Background: Prior history of heart failure (HF) has been shown to be a predictor of poor outcomes after percutaneous coronary intervention (PCI). Clinical predictors of the development of inhospital HF and its prognostic significance after PCI have yet to be defined. In this study, we sought to identify the incidence, risk factors, and prognosis of inhospital HF after PCI. Methods: Using a contemporary registry of consecutive PCIs, the incidence of HF after PCI was identified. Multivariate logistic regression analysis was used to determine predictors of the development of HF after PCI as well as the impact of HF on inhospital mortality. Results: The incidence of HF after PCI in the overall patient population was 1.4%. Independent predictors of HF were female sex, age ≥60 years, exceeding a maximum weight- and creatinine-adjusted contrast dose, diabetes, prior HF, prior gastrointestinal bleeding, prior chronic obstructive pulmonary disease, history of atrial fibrillation, American College of Cardiology type B2 or C vessel, emergency PCI, ejection fraction <50%, myocardial infarction with or without cardiogenic shock, and repeat angiography. After adjustment for comorbidities, the development of HF was independently associated with an increased risk of inhospital death (adjusted OR 2.48, 95% CI 1.77-3.48). Conclusions: The development of HF is a relatively uncommon occurrence after PCI and is associated with a poor prognosis. The identification of risk factors for HF could foster the development of interventions aimed toward its prevention in high-risk patients.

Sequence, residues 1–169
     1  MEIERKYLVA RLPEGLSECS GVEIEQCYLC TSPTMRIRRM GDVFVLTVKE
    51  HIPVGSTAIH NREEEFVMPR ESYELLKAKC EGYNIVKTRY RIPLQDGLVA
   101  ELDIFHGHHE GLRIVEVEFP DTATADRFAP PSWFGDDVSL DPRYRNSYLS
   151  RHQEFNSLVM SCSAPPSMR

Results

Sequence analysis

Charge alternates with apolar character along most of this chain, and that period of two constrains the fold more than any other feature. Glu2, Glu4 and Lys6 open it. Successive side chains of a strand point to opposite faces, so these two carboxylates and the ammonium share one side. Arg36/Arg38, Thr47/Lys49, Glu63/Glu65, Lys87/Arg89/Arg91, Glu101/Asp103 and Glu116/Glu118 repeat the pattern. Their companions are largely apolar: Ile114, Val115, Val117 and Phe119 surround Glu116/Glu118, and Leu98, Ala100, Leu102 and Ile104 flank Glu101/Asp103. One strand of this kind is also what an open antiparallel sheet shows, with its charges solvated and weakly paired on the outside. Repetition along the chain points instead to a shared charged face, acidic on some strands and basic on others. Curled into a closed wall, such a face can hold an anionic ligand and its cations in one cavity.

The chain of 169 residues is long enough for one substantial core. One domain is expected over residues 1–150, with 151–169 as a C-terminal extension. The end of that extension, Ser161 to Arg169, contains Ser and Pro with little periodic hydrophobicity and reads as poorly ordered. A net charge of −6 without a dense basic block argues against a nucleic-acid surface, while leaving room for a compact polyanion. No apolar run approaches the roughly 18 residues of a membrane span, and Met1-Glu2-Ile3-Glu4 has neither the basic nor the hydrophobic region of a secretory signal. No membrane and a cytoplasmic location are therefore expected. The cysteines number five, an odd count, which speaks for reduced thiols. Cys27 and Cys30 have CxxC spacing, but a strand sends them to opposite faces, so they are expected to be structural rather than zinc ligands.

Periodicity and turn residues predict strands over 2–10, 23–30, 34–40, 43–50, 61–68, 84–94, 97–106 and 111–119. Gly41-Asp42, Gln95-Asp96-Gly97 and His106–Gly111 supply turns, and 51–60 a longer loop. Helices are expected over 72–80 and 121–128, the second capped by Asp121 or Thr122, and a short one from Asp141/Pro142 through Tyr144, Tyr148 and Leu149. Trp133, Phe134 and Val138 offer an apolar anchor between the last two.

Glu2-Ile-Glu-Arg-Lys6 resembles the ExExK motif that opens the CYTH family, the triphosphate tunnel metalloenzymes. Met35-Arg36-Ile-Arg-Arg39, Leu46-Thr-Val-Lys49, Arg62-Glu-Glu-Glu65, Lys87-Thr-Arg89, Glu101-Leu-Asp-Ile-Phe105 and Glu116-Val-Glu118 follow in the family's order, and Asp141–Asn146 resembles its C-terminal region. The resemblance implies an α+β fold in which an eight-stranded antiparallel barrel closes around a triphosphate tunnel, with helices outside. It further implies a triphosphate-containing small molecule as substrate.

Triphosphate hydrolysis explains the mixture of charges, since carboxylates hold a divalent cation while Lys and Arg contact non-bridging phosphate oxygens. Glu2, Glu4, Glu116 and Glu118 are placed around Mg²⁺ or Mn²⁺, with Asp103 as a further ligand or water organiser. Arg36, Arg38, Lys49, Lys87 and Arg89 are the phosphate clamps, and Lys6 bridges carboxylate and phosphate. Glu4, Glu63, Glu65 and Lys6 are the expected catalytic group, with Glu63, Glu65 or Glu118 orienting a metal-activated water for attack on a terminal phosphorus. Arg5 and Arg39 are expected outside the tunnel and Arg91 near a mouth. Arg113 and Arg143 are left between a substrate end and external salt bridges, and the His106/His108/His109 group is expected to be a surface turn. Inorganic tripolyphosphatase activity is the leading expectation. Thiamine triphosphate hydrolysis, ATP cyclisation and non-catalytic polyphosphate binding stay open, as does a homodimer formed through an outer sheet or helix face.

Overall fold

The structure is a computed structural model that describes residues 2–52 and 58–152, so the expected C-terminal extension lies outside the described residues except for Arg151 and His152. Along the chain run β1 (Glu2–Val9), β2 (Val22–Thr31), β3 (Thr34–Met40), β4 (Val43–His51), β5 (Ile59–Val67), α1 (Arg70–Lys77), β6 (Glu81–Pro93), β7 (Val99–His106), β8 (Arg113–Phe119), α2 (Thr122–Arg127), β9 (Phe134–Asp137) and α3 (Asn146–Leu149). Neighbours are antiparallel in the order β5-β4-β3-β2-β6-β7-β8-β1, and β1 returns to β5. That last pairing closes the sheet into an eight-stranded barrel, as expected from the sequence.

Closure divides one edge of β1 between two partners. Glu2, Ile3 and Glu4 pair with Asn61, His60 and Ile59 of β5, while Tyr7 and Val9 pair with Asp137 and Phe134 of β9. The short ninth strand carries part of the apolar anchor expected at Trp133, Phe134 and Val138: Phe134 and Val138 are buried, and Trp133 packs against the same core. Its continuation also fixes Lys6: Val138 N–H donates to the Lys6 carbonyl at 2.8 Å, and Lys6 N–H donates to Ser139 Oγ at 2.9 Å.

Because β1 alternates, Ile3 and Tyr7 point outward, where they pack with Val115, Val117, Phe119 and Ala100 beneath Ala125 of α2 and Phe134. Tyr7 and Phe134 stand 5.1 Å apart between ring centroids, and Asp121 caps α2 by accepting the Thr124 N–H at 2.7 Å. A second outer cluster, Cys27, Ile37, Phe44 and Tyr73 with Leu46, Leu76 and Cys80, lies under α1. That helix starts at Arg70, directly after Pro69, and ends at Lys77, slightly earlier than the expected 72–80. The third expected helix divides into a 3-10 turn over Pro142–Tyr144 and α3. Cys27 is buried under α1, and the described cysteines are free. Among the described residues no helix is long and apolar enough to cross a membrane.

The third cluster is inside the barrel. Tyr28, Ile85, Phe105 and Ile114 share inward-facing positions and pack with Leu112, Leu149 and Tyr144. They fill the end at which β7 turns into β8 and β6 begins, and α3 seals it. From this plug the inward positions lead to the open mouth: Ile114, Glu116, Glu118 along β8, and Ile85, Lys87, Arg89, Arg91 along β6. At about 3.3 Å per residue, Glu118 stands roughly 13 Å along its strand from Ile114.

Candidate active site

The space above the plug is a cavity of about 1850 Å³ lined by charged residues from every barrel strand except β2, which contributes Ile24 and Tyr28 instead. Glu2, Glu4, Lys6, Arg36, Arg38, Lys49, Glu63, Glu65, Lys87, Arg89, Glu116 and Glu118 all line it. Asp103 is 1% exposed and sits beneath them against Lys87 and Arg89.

ASJC Scopus subject areas
- Cardiology and Cardiovascular Medicine